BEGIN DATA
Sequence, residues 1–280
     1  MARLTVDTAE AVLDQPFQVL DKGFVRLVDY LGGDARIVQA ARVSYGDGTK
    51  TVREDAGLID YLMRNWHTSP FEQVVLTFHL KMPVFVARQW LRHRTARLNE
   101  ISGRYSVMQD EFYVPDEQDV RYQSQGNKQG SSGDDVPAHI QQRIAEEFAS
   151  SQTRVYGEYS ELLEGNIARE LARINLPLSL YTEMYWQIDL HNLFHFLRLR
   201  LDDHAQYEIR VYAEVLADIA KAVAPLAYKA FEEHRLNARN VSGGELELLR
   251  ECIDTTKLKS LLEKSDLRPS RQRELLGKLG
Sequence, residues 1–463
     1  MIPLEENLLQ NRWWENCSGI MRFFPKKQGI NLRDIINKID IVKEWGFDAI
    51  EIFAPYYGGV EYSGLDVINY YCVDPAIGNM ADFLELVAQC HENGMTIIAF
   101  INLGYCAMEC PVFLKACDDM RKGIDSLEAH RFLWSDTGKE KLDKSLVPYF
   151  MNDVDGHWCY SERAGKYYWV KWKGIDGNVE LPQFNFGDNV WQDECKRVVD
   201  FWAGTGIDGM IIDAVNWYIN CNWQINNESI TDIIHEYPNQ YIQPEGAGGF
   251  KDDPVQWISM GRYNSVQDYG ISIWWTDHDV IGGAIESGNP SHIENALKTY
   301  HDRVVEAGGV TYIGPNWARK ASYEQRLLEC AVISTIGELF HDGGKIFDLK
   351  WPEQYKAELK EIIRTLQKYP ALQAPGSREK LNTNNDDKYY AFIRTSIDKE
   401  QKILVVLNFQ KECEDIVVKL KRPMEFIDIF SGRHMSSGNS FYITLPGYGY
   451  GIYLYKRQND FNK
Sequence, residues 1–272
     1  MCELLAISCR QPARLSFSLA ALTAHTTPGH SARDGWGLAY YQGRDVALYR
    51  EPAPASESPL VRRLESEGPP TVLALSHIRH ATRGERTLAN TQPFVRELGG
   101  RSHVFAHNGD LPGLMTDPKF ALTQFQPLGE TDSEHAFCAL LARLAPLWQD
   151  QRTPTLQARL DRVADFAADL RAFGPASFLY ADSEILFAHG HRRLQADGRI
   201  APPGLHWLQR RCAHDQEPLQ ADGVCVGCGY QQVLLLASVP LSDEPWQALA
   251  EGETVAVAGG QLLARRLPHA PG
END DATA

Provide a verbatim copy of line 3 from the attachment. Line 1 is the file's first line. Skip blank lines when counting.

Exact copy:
    51  TVREDAGLID YLMRNWHTSP FEQVVLTFHL KMPVFVARQW LRHRTARLNE